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Maltese Palaces

Auberge de castille, Maltese architecture

Maltese Architecture is amazingly diverse! From ancient stone temples built long before the Egyptian pyramids to medieval, mannerist, baroque and also British constructions built over the centuries, Malta is host to an immense treasure of architectural gems.

Many tourists and historians flock to Malta to view these timeless masterpieces, taking pictures to share later with family and friends. So many buildings, temples, churches, palaces, Auberges dating from the Knights of Malta – the list is endless!

In this blog post we will be looking at some of the magnificent Palaces renowned for their beauty.

Verdala Palace

Verdala Palace was built in 1586 by Grandmaster de Verdalle. The Palace is in the middle of Buskett and is surrounded by woodland. This is where the Knights of the Order of St John used to enjoy game hunting and a stone ditch.

This magnificent building is spread over two floors, with five-storey high towers at each corner.

Over the years, the Palace underwent several embellishments by different grandmasters. It was also used as a military prison during the French rule between 1798 and 1800, and was later abandoned until it was restored by Sir William Reid in 1858, becoming the official summer residence of the British Governors.

The Verdala Palace is nowadays the official summer residence of the President of Malta. It is generally closed to the public except for the annual Ball of the August Moon, held in aid of charity.

Palazzo Falson

Palazzo Falson, formerly known as Palazzo Cumbo-Navarra, Casa dei Castelletti, and the Norman House, is a 13th century medieval palace in Mdina, Malta.

It was built as a family residence by a Maltese noble family, hence its namesake is the surname of former owners, the Falson family. Today it serves as a house-museum with seventeen rooms of historic, domestic belongings and a number of antique collections.

It is the second oldest building in Mdina. During the rule of the Order of St. John the building housed Philippe L’Isle-Adam, the first Grand Master of Malta.

Palazzo Vilhena

Palazzo Vilhena, also known as the Magisterial Palace, is a French Baroque Palace in Mdina named after Grand Master António Manoel de Vilhena, who commissioned it.

French architect Charles François de Mondion designed the Palace which was built in two years; between 1726 and 1728.

In the 19th and 20th century, the Palace was used as a hospital, becoming known as Connaught Hospital after 1909.

Since 1973, it has been open to the public as the National Museum of Natural History.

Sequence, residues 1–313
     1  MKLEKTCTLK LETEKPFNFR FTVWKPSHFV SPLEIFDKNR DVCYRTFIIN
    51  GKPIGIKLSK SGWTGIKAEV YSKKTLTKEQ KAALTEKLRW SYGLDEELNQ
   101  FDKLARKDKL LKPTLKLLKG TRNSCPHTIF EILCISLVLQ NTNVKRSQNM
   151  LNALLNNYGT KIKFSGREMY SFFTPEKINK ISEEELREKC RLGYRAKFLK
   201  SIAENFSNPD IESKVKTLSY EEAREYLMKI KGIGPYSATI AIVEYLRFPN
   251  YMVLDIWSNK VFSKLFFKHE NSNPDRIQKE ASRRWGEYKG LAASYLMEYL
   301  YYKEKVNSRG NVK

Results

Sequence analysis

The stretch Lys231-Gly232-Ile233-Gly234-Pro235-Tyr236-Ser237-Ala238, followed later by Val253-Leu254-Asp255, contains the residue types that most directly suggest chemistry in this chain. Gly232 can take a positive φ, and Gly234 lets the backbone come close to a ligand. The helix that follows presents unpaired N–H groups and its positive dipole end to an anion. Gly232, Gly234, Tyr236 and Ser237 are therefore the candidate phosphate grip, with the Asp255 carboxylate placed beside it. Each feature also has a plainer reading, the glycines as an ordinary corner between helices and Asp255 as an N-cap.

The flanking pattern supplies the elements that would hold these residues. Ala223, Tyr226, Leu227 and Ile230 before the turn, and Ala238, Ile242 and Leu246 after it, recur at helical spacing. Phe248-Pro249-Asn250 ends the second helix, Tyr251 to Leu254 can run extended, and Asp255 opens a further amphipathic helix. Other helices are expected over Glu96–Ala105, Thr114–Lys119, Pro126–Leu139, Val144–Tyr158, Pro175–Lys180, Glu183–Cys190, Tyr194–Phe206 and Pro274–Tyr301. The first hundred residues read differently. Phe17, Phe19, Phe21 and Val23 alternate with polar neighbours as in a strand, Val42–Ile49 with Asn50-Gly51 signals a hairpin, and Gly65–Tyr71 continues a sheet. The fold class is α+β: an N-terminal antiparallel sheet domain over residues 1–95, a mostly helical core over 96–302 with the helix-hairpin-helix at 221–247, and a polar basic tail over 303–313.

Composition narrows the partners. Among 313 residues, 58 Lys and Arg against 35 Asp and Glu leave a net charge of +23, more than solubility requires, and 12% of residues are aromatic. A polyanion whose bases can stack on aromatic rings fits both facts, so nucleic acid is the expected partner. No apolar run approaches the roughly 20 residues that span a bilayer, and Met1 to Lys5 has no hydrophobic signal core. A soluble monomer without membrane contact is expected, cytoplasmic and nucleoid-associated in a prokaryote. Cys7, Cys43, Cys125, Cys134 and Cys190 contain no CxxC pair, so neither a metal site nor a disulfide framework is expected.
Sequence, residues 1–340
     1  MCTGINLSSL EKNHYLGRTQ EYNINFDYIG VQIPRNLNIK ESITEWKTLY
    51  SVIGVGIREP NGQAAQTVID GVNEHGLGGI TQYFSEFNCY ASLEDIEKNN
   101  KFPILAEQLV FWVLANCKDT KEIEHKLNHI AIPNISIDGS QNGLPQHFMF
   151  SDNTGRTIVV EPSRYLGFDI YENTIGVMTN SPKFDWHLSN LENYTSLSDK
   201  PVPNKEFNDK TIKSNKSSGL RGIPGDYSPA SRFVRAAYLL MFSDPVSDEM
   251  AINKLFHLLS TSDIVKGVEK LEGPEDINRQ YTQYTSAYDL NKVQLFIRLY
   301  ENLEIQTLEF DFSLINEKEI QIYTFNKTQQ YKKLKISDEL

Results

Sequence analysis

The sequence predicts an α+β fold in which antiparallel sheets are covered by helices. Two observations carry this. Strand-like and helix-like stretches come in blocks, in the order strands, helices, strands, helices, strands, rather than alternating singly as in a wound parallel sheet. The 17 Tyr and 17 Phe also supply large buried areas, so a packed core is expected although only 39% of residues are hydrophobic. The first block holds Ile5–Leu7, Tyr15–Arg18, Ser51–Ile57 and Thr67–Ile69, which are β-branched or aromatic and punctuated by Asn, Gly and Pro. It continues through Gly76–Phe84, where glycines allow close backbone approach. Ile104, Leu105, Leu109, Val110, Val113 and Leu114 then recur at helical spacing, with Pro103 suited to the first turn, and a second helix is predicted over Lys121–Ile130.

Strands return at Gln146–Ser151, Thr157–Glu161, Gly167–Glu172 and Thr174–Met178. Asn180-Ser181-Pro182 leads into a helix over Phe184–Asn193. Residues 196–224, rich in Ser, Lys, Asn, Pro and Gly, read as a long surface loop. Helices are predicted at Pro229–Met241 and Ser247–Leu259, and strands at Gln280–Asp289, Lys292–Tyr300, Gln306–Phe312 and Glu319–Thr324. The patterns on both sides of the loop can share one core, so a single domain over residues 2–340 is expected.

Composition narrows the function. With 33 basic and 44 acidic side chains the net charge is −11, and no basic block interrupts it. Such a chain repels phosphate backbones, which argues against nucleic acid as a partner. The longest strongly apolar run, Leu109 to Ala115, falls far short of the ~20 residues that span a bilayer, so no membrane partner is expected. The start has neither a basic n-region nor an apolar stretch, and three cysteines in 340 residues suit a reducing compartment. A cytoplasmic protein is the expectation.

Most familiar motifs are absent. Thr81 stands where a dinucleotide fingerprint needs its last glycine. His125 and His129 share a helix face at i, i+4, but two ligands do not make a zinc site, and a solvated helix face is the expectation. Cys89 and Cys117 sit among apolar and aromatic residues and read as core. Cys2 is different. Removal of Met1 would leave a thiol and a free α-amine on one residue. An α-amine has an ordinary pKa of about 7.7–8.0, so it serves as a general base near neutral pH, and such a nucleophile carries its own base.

The Inquisitor’s Palace

The Inquisitor’s Palace is architecturally diverse due to the many changes made by the 62 Italian Inquisitors who occupied it, and therefore made refurbishments according to their tastes.

Most of them went on to glorious careers in the Catholic Church – Fabio Chigi, for instance, became Pope Alexander VII, and Antonio Pignatelli, Pope Innocent XII.

It was originally constructed as civil law courts in the 1530s and was given to Pietro Dusina, the first Inquisitor in Malta, in 1574.

The Inquisition was on the island for over 200 years, often acting as a mediator between Bishops and Knights, until Napoleon’s arrival on the island ended the Order’s reign in 1798.

Palazzo Parisio

Palazzo Parisio also dates back to the time of the Order of the Knights of St John, when it was used as a hunting lodge by Grand Master Don Antonio Manoel de Vilhena, who ruled the Order between 1722 and 1736.

The Palace was later renovated in 1898 by The Marquis Scicluna, a wealthy Maltese banker and merchant.

The Marquis Scicluna managed to retain some elements which date to the time of the Grand Master Vilhena, such as the Orangerie and some architectural elements found in the garden.

Today Palazzo Parisio is used as a Wedding Venue and host various high-end events.

Auberge de Castille

The Auberge de Castille originally built in the 1570s to house Knights of the Order of Saint John in Valletta. The present building dates back to the 1740s, when it was completely rebuilt during the magistracy of Manuel Pinto da Fonseca. The new Auberge was built in the Baroque style, and has been called “probably the finest building in Malta”.

The Auberge is located in Castille Square, close to Saint James Cavalier, the Malta Stock Exchange and the Upper Barrakka Gardens. It is situated at the highest point of Valletta and overlooks Floriana and the Grand Harbour area.

In 1800 the British drove away Napoleon and turned it into their headquarters. 

Today it houses the Office of the Prime Minister of Malta.

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